By Joshua McMorrow-Hernandez, Editor
The unique 1959-D Lincoln mule cent with wheat reverse is up for bids this weekend as the Ira and Larry Goldberg Pre-Long Beach Auction begins June 2. This amazing rarity mystifies even the most expert numismatists not only because of its unlikely creation but also because just one such piece is known to exist. The coin, struck during the year when the Lincoln Memorial reverse debuted on the penny, was first discovered in 1986 by retired police officer Leon Baller. A year later, he sent the coin to the US Treasury for authentication, which ruled the coin genuine following a thorough forensics investigation.
Still, the Professional Coin Grading Service (PCGS), Numismatic Guaranty Corporation (NGC), and American Numismatic Association Certification Service (ANACS) have made “no decision” determinations on the coin, refusing to encapsulate it on the grounds that they can’t find evidence the US Mint actually produced the coin. The Goldbergs further write in their lot description for the 1959-D Lincoln wheat cent, “For some reason, the few independent grading services who have examined this coin can’t seem to decide on its genuine status, although no one can define any reason to consider it counterfeit, they also won’t render an opinion to support the coin as a genuine mint product.”
So, how might this rare penny have been created? The Goldbergs speculate it “was more likely made during a quiet moment at the Denver Mint, under similar circumstances to the one known 1943-D copper cent, a special striking as it were, not unlike dozens and dozens of other famous rarities produced during the last 209 years at the various United States mints.” In other words, some enterprising mint worker may have paired up a 1959-D Lincoln cent obverse and an existing wheat reverse from the previous year’s production run to create one (or perhaps more) of these mules. But there’s no way to know for sure.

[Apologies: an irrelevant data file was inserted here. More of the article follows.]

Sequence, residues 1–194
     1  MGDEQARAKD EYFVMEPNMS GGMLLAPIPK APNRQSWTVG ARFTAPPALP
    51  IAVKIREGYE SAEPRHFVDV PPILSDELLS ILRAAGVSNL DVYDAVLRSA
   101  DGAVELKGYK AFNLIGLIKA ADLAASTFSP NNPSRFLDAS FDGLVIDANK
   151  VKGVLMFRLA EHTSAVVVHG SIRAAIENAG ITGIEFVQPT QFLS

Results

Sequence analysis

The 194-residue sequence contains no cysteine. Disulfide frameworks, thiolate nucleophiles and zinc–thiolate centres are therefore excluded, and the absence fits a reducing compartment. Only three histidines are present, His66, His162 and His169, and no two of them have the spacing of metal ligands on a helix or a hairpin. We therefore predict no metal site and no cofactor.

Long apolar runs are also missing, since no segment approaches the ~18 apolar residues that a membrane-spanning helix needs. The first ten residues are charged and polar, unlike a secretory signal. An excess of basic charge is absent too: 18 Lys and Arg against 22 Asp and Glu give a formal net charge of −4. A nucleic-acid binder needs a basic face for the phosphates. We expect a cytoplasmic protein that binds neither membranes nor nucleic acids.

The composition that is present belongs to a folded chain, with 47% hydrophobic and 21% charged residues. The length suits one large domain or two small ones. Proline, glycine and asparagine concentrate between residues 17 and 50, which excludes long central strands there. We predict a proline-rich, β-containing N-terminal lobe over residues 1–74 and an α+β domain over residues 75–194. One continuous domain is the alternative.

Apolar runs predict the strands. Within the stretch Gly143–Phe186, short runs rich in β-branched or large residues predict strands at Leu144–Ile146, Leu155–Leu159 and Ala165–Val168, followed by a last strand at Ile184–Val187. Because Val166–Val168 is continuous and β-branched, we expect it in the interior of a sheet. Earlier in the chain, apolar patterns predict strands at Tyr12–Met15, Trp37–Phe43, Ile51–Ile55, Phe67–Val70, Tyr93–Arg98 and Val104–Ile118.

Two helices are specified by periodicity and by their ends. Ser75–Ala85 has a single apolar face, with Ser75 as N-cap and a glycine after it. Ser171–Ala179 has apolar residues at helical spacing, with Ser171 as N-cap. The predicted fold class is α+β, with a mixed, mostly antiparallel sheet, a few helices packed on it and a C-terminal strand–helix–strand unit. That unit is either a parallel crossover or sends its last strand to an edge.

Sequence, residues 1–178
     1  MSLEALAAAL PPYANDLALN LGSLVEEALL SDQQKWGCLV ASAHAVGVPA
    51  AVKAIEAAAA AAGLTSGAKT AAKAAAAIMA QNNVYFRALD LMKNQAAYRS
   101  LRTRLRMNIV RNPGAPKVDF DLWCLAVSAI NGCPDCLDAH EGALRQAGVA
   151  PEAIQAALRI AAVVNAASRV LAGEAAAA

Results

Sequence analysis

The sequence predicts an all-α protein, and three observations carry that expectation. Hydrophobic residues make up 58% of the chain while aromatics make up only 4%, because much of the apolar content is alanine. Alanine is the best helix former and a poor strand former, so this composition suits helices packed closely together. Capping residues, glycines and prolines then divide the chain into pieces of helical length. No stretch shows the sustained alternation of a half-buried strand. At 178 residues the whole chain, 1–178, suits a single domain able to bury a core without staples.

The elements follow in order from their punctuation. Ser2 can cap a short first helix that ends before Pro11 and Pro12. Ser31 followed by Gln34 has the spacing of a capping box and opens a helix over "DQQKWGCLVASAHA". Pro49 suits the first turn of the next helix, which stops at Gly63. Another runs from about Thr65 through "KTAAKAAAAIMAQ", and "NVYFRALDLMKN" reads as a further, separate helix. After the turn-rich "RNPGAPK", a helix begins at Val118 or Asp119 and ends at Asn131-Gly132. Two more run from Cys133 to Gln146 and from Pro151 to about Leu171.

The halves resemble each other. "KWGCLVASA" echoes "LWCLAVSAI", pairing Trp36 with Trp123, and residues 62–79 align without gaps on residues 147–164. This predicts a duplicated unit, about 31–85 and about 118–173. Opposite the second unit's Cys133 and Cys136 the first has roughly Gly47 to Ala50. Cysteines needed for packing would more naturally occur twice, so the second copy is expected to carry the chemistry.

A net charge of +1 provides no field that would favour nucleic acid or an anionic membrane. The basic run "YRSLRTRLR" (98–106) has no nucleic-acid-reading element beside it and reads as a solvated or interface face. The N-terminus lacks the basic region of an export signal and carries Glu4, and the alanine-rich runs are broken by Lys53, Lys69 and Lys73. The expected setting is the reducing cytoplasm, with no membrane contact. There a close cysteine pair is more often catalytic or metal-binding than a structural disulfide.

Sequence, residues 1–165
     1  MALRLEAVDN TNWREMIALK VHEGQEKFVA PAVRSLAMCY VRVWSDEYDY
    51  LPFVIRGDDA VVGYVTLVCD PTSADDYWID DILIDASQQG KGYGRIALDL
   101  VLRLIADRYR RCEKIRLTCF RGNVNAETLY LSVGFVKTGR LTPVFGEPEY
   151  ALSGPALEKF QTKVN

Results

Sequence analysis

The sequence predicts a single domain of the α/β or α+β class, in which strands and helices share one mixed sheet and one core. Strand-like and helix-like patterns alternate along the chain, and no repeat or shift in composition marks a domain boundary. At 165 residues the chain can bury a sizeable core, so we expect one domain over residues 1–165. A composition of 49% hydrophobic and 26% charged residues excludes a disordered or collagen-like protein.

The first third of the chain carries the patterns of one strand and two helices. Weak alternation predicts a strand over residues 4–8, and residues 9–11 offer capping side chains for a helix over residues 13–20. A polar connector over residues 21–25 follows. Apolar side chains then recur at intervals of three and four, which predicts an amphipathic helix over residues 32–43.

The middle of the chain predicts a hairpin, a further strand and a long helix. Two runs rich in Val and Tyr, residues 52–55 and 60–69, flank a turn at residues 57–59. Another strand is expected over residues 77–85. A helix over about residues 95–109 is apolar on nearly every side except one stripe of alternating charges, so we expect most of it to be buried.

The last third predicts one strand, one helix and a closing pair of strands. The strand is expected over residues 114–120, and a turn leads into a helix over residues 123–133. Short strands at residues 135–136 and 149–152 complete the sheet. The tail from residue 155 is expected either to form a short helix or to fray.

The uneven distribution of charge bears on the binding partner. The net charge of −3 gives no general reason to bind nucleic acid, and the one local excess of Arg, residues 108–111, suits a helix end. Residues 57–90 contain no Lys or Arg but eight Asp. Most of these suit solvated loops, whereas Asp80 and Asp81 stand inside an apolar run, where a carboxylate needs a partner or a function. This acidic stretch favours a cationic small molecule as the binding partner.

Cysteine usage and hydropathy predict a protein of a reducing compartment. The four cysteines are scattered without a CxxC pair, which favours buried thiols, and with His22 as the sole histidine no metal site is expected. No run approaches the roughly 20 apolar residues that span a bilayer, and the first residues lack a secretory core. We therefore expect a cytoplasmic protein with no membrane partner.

For the time being, dedicated Lincoln cent enthusiasts are looking for die markers to match the obverse and reverse to known 1958 wheat reverse and 1959-D Lincoln Memorial obverse dies. At this point, the unknowns still abound and the questions continue swirling… Is this coin genuine? The Secret Service seems to think so. Did the US Mint really make this coin? The major third-party grading companies aren’t sure. What is this coin worth? Ah, there’s the $64,000 question. In fact, it might really be that this coin is worth $64,000 — or thereabouts anyway. Bidding for the 1959-D Lincoln wheat cent opens this weekend at $50,000 and early estimates suggest it could bring anywhere from $60,000 to $80,000 — maybe more. Stay tuned!